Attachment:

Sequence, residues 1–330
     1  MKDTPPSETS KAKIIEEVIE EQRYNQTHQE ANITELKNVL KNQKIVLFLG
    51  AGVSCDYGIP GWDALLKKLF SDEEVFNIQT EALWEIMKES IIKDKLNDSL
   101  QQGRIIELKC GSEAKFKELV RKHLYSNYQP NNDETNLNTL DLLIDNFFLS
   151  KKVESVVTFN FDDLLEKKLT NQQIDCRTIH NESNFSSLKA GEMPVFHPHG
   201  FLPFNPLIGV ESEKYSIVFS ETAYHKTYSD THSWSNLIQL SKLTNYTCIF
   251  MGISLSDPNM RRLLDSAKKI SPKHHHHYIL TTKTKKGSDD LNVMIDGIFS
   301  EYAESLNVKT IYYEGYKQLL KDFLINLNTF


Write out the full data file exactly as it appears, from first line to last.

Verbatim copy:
Sequence, residues 1–330
     1  MKDTPPSETS KAKIIEEVIE EQRYNQTHQE ANITELKNVL KNQKIVLFLG
    51  AGVSCDYGIP GWDALLKKLF SDEEVFNIQT EALWEIMKES IIKDKLNDSL
   101  QQGRIIELKC GSEAKFKELV RKHLYSNYQP NNDETNLNTL DLLIDNFFLS
   151  KKVESVVTFN FDDLLEKKLT NQQIDCRTIH NESNFSSLKA GEMPVFHPHG
   201  FLPFNPLIGV ESEKYSIVFS ETAYHKTYSD THSWSNLIQL SKLTNYTCIF
   251  MGISLSDPNM RRLLDSAKKI SPKHHHHYIL TTKTKKGSDD LNVMIDGIFS
   301  EYAESLNVKT IYYEGYKQLL KDFLINLNTF